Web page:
Christmas is a time when we make many of my grandmother’s (Baba) recipes as explained by the story that I wrote in this post about her homemade pirohi. Typically for this weekend we prepare a European Cream of Barley Soup which is a soup filled with leeks, carrots, celery and barley swimming in a thin creamy broth. This year Dad was digging through some old recipe boxes and was inspired to switch things up a bit upon finding this soup that he regularly had as a kid. Baba didn’t make this one for Christmas but it was a staple at their dinner table once every few months.
With a simple grocery list in hand I set out into town with snow beginning to gently blanket the earth. Once at our local grocer I found myself standing in front of the beets realizing that I’ve never purchased whole/raw beets before! There were two sections of beets and the first were slimy, a quality even I knew wasn’t right. Thankfully the organic ones looked perfect – dirt and all. I chose two hearty bundles of beets with the roots and greens still intact and proudly plopped them onto the counter once home.
“How do we peel a beet?” and “what are we supposed to do with all of those greens?!” were quickly exclaimed by the fam. The internet is a magical tool that quickly gave us several strategies for removing the rough skin. We chose to use a peeler and hand peel them raw then we cut each beet into cubes. Thankfully we did know enough to stay away from wooden cutting boards and utensils as Dad has turned many of those perma-red in the past through the process of making borscht. As for our second dilemma we were perplexed. We had no idea what to do with the remaining beet roots and greens. So – I look to you all for advice here! There seems to be such potential with these beauties.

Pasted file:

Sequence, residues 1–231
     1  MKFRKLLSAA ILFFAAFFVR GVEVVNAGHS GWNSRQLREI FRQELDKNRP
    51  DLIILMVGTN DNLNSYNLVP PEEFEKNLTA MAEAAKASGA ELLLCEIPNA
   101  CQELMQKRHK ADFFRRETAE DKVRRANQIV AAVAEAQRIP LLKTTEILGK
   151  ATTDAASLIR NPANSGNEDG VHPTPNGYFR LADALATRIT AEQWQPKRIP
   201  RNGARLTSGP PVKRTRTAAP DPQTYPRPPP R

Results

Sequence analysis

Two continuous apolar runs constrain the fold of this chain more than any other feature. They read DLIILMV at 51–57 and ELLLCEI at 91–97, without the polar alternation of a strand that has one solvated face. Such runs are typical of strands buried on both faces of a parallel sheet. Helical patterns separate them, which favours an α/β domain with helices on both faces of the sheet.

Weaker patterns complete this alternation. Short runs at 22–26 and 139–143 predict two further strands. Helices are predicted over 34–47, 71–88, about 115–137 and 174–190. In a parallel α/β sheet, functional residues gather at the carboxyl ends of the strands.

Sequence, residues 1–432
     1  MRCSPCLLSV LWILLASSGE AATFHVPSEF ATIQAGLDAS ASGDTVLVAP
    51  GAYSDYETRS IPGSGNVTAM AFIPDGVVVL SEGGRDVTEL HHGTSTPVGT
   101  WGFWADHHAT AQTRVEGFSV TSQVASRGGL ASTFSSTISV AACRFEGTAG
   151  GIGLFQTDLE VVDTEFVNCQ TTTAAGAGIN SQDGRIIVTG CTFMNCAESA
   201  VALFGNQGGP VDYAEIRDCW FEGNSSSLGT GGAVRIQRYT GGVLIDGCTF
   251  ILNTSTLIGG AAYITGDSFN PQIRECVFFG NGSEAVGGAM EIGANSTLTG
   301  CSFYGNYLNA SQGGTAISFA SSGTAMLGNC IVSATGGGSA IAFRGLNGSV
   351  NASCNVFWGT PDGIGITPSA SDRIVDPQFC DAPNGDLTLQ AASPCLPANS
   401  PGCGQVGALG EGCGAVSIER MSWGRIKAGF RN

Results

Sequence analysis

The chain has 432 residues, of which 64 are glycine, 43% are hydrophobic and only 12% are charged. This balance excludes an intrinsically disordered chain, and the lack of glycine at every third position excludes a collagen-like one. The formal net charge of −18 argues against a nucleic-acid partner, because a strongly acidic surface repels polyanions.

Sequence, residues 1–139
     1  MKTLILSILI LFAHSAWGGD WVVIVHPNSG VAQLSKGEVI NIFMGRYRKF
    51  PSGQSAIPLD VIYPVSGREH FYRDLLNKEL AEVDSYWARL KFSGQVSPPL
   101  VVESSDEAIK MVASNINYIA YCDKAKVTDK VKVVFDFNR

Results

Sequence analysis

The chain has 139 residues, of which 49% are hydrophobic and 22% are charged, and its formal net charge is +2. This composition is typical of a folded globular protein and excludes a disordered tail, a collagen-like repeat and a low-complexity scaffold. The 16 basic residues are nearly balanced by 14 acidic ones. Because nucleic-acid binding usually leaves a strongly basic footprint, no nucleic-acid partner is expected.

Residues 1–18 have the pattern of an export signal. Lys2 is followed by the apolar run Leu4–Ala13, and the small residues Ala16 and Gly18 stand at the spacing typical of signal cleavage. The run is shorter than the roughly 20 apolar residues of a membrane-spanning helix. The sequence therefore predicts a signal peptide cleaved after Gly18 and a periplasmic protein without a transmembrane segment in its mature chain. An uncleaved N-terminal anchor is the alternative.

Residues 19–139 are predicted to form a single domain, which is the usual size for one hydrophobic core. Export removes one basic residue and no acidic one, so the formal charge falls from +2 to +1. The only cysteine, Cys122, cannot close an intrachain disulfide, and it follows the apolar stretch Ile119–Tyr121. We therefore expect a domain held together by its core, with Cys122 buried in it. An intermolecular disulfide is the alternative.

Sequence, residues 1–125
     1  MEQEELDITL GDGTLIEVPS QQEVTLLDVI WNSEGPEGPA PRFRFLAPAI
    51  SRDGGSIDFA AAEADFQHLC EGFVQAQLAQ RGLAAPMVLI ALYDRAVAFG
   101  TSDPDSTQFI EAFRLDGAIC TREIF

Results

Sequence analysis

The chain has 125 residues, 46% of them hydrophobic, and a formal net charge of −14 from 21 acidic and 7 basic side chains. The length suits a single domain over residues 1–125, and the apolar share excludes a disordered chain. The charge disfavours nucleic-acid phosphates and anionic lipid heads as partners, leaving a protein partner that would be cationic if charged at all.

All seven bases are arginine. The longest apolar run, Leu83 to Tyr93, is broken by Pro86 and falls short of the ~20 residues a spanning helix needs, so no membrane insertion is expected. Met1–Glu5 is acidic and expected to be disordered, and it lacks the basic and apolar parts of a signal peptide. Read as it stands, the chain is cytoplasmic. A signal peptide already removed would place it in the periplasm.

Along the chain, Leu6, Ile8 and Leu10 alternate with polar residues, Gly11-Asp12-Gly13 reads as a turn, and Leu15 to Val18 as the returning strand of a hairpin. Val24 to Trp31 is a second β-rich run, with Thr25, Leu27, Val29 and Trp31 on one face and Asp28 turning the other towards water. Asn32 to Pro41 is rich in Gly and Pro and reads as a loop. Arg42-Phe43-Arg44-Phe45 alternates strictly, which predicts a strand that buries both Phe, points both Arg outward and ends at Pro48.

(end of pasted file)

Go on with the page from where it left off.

The beets, beef, potatoes, and cabbage all simmer together over low heat for a few hours and the flavors meld together perfectly. Once cooked the final step is to add cream and vinegar. You can slightly adjust the vinegar if you’d like a bit more in the final dish. Then, the borscht is served warm with a dollop of sour cream on the side of the bowl, and as dad said “that’s just where it goes. Not in the middle, you have to put it on the side.”
The leftovers can be reheated slowly the next day (on low to ensure the cream doesn’t curdle). As a true endorsement of this soup everyone went back for seconds including my husband, who is a self-proclaimed beet skeptic!
Recipe makes enough for about 10 – 12 bowls.
- 2 lb beef (cubed)
- 2 quarts of water
- 5 beets (medium)
- 5 potatoes (medium)
- 2 carrots (medium)
- 1 onion (medium)
- 1/4 head green cabbage – finely cut
- 1 Tablespoon salt
- 2 Tablespoons vinegar
- 1 teaspoon cornstarch (to thicken)
- 1 pint whipping cream
Steps and Notes:
- Cut the beets and potatoes into fine cubes that are similar size
- Note: We wished to have cut them a bit smaller than the image above
- Cube the beef and parboil for about 30 minutes
- Add the beets, diced carrots, finely cut cabbage, chopped onions, and salt and cook on low for about 2 hours.
- When finished cooking add whipping cream and vinegar.
- When serving add a dollop of sour cream on the side of the bowl
Thoughts for Next Time:
- The original recipe from Baba included 1 teaspoon of dill to taste but she didn’t like dill and didn’t add it. I agree about the dill and have left it out, but others may disagree.
- If adjusting the recipe make sure to keep the ratio of 1 tablespoon of vinegar to 1 quart of water. Add a dash more to adjust the flavor if necessary.